Transsexuality: a lonely journey of identity
Quintana, Suely de Fonseca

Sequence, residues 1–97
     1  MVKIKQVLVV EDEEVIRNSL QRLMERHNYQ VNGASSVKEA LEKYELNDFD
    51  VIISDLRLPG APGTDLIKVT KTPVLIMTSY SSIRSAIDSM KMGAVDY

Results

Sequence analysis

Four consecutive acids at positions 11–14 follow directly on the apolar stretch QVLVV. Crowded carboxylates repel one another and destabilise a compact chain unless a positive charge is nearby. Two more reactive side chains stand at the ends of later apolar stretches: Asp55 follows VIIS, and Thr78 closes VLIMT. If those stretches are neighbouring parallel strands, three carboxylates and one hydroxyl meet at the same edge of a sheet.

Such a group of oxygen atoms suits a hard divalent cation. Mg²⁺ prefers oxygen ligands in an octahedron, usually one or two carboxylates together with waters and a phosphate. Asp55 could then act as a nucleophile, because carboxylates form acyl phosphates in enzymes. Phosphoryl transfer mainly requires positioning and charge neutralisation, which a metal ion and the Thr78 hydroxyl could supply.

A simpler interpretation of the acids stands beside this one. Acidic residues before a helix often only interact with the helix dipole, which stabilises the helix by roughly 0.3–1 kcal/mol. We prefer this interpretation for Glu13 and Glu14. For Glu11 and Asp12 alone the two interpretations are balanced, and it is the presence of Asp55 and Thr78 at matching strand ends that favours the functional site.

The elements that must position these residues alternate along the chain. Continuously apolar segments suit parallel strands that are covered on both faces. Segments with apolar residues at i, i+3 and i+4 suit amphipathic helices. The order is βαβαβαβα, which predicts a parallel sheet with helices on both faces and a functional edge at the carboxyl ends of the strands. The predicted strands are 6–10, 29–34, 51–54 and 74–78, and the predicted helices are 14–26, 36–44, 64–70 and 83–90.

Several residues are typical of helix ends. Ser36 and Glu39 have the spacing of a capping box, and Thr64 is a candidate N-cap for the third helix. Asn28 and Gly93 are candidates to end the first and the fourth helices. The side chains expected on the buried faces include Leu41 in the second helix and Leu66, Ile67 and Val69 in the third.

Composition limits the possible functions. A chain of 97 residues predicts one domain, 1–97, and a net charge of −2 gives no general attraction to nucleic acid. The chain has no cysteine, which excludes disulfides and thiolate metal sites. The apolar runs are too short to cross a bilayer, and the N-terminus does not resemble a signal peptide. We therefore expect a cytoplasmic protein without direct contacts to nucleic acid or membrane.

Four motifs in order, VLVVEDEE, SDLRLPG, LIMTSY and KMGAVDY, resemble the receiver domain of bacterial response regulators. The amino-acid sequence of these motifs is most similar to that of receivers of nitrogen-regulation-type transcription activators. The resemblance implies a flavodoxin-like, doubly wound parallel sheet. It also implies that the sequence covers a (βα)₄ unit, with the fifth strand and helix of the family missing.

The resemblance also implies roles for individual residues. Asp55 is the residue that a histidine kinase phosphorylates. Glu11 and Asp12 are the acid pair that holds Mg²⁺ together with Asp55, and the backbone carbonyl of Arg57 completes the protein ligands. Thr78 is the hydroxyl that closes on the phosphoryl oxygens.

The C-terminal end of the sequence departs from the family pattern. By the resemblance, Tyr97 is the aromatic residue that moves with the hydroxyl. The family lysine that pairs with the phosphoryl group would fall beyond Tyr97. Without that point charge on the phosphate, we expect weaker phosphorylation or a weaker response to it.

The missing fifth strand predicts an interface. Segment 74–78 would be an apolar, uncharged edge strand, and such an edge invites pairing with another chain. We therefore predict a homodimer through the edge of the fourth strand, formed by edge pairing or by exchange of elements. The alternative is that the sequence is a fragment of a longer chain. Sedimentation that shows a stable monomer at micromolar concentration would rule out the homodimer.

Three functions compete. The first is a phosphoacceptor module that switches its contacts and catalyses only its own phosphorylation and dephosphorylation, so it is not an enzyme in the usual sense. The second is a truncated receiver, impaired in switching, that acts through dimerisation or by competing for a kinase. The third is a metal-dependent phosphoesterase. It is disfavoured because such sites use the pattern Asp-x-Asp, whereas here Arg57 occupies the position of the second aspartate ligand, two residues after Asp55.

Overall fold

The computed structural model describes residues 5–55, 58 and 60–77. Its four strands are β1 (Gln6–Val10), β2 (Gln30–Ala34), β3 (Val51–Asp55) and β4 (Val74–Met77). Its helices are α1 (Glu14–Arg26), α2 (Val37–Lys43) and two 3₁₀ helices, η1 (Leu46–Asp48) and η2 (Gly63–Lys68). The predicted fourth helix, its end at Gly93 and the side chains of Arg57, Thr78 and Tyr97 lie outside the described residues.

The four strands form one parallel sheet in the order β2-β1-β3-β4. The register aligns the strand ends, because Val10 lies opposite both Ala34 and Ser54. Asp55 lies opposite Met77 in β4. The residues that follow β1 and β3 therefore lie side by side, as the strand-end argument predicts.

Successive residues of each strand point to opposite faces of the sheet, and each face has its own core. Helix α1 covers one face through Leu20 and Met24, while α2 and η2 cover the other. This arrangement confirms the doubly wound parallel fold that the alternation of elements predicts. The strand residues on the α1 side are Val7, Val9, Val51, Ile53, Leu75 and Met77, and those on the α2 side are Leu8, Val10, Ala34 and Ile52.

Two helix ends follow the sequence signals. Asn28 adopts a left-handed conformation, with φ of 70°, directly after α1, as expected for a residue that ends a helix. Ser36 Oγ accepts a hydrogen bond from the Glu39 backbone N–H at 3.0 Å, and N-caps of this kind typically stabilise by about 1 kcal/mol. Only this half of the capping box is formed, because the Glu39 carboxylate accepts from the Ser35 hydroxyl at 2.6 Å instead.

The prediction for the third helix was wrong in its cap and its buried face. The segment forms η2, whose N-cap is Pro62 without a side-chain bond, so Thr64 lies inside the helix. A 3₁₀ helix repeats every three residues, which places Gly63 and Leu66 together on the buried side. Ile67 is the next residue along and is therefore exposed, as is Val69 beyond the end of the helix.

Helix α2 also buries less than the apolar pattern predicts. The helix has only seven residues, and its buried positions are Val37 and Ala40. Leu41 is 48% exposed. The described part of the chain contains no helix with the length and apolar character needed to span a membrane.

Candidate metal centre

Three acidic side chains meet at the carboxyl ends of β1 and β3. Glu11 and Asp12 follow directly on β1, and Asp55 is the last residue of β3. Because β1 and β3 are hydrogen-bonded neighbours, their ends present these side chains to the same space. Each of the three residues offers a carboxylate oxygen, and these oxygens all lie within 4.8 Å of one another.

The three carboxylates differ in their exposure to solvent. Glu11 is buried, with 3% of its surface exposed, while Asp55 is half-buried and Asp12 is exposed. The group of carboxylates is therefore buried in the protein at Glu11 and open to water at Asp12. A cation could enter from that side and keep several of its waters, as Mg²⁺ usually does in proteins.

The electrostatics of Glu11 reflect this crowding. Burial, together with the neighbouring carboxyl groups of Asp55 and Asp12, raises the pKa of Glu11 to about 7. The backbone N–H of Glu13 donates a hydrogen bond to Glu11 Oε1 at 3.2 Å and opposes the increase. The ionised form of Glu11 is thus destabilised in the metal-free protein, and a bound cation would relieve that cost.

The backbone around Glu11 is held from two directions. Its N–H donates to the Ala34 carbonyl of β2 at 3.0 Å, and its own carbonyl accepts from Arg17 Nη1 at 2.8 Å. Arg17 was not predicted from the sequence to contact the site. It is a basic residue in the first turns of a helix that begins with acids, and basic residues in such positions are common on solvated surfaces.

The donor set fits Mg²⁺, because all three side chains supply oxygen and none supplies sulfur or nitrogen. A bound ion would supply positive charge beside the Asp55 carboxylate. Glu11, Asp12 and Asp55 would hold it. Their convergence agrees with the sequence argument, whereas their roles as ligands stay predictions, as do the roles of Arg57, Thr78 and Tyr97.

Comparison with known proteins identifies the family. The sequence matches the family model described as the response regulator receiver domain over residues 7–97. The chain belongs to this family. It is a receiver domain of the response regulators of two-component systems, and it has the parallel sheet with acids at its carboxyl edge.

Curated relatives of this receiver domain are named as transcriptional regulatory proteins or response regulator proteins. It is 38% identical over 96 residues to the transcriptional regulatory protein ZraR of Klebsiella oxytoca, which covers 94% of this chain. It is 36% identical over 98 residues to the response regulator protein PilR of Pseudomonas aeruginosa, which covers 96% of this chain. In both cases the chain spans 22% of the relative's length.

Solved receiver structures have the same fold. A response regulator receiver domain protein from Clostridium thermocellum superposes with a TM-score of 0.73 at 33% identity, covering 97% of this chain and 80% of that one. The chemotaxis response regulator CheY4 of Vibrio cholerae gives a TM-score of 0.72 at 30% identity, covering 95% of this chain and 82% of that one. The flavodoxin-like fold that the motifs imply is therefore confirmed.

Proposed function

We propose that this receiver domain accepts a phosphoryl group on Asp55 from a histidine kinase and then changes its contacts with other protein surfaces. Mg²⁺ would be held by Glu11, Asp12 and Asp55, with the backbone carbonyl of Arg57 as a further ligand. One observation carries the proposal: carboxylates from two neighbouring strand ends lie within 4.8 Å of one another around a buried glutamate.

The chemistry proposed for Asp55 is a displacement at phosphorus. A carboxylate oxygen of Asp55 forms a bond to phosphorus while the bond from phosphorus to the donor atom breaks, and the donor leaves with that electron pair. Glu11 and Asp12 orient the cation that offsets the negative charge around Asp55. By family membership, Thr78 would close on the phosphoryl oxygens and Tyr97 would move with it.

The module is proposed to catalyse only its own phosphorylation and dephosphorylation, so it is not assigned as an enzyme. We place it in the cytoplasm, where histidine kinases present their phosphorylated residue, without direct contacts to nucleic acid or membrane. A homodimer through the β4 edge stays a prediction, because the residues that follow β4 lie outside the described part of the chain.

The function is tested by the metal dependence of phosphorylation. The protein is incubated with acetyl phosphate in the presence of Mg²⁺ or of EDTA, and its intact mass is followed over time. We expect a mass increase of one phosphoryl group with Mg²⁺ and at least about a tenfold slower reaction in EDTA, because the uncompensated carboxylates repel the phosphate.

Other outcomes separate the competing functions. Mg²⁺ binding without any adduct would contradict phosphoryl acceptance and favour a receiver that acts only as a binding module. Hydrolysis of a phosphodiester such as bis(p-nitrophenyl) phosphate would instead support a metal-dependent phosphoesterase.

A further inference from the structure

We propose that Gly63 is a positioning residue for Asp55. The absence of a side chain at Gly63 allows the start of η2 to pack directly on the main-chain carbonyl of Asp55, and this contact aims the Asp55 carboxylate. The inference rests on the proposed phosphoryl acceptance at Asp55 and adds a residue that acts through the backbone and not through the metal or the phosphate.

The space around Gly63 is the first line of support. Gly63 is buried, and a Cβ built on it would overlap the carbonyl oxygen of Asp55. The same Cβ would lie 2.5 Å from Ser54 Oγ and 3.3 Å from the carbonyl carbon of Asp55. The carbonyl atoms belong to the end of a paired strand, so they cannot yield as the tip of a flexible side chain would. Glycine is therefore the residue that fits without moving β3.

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The book of João Nery, Lonely Journey: memoirs of a transsexual thirty years later, reveals the author's route in all the stages of his struggle for body change. Born in a woman's body, John seeks a way that matches his gender identity, male in this case. This work investigates the relationship between body, gender and heteronormative determinations. A society, still conservative and homophobic, makes more difficult the changes in body shapes, which has consequences in civil life, since these people are prevented from changing their names in the documents, practicing the profession in which they were majored in, because they had another body and another name. The transsexuality issue will be addressed by the theoretical bias of Judith Butler in two of her books—Gender Trouble: Feminism and the subversion of identity and Giving an Account of Oneself—and Michel Foucault, in The History of Sexuality, considering not only to gender and sexuality issues, but also the related pain when narrating. The text of Eve Kosofsky Sedgwick, Epistemology of the closet, will be important to discuss the acceptance of sexuality to himself and to the other, discussing the relationship between public and private, from the social changes created by the LGBT population groups.